$ nimrod compile --run positions.nim

On the other hand, including the string

import positions

in another Nimrod source file imports these definitions. This is almost the same as in Python, with the difference that Nimrod does not include the unit tests in the compilation if positions.nim is imported into another file. (It is able to do this because when isMainModule is computed at compile time. It is like C's #if, but much less error-prone.)

Binding the program to CFITSIO

Since LFI's pointing information are saved in FITS files, I had to write a set of bindings for the CFITSIO library, However, as I said above, in Nimrod it is extremely easy to write bindings to C libraries.

First of all, I defined the name of the dynamic library for CFITSIO. I used the where construct we already used above (although I used this code only on a Linux machine):

when defined(windows):
  const LibraryName = "cfitsio.dll"
elif defined(macosx):
  const LibraryName = "libcfitsio(|.0).dylib"
else:
  const LibraryName = "libcfitsio.so"

(const declares a constant whose value must be fixed at compilation time.)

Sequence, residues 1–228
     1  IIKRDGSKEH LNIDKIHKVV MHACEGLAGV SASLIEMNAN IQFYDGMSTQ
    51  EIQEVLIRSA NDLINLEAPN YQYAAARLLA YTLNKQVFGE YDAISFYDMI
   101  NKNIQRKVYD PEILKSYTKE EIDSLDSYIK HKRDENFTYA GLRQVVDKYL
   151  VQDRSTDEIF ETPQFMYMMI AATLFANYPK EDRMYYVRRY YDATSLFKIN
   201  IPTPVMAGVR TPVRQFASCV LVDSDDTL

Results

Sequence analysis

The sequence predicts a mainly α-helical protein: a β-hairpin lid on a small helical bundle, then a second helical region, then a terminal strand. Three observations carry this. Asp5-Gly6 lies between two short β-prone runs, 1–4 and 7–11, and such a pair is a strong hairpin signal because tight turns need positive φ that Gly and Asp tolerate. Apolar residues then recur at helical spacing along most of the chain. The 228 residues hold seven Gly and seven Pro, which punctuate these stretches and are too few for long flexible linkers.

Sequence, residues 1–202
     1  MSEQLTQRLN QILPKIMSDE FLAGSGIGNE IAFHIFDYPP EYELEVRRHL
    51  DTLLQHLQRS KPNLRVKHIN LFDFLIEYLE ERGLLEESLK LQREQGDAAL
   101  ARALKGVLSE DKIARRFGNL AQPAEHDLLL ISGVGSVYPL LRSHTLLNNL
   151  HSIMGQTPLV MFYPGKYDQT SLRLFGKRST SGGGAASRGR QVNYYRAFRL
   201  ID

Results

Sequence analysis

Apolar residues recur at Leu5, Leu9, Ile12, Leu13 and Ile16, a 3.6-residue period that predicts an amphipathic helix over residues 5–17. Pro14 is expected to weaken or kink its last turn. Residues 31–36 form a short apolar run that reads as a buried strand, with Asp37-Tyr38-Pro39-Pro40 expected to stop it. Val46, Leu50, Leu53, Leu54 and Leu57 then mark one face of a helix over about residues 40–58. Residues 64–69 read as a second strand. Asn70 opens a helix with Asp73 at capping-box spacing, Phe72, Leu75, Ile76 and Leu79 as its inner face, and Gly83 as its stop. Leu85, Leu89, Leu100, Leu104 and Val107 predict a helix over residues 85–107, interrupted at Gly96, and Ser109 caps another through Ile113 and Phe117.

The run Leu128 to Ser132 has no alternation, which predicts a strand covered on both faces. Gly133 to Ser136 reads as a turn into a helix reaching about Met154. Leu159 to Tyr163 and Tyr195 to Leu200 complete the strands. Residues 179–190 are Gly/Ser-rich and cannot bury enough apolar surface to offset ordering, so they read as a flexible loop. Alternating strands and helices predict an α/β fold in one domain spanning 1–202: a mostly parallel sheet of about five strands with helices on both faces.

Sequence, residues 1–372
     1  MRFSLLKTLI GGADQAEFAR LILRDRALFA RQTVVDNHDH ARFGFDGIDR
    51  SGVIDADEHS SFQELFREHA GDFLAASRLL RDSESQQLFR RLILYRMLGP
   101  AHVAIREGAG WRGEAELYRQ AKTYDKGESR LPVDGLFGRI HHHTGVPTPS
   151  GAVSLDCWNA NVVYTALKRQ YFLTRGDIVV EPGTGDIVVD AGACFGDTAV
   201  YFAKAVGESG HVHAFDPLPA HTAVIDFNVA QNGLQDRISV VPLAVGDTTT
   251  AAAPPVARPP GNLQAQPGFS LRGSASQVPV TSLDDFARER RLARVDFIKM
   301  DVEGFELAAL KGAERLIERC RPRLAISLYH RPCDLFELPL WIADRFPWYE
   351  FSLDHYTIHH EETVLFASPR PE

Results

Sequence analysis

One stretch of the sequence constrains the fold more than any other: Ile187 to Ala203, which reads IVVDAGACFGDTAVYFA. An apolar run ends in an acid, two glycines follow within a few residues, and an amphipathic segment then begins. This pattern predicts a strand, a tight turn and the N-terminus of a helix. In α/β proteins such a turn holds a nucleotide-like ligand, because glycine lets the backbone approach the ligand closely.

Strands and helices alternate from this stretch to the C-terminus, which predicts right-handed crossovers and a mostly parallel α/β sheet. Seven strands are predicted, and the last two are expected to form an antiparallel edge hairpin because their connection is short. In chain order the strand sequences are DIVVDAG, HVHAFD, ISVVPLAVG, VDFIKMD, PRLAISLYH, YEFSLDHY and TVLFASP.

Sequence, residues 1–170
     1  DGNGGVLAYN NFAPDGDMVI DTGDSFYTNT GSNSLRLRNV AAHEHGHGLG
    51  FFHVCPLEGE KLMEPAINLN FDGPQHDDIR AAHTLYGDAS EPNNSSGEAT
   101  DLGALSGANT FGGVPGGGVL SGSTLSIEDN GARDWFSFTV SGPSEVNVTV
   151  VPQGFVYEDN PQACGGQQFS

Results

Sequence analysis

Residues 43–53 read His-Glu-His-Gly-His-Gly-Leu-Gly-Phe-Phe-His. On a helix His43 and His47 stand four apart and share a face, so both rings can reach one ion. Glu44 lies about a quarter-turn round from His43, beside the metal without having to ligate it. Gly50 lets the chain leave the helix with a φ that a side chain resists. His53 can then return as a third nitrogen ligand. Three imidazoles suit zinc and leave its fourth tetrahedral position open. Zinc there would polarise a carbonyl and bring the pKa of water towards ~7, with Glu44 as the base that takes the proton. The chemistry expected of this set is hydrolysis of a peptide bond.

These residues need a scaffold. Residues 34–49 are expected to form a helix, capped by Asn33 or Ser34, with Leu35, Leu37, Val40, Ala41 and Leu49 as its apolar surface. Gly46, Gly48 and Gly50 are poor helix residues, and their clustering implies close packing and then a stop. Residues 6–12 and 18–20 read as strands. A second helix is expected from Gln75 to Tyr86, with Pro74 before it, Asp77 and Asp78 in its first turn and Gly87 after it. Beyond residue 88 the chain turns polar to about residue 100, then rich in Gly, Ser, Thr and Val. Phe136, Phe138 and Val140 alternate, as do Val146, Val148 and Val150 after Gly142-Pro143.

Then I defined a data type for CFITSIO's fitsptr, the basic data structure that represents a FITS file:

type
  TInternalFitsStruct = pointer
  PInternalFitsStruct = ptr TInternalFitsStruct

  TFitsFile* {. final .} = object
    file: TInternalFitsStruct

The type TInternalFitsStruct is a raw pointer to a fitsptr object, while TFitsFile is an high-level type which is going to be exported outside the module (hence the * at the end of the name).

Next step is to define how errors must be handled. Each of CFITSIO's functions returns an integer error code, but we want to take advantage of Nimrod's exception mechanism:

type
  EFitsException* = object of E_Base
    code: int
    message: string


proc fitsGetErrStatus(statusCode: int,
                      errorText: array[0..30, char]) {. cdecl,
                                                        dynlib: LibraryName,
                                                        importc: "ffgerr" .}

proc raiseFitsException(statusCode: int) {. noinline, noreturn .} =
  var errorText: array[0..30, char]
  fitsGetErrStatus(statusCode, errorText)

  raise newException(EFitsException, $errorText)

This code shows how to bind to a C function (in this case, ffgerr, which fills errorText with a string which describes the error represented by statusCode): as you can see, it is enough to include {. cdecl, importc: "ffgerr" .} at the end of the definition. Note that fitsGetErrorStatus is not a wrapper to ffgerr, but it is ffgerr. (Unlike let, var declares a true variable, i.e., one whose value can change during the execution of the program.)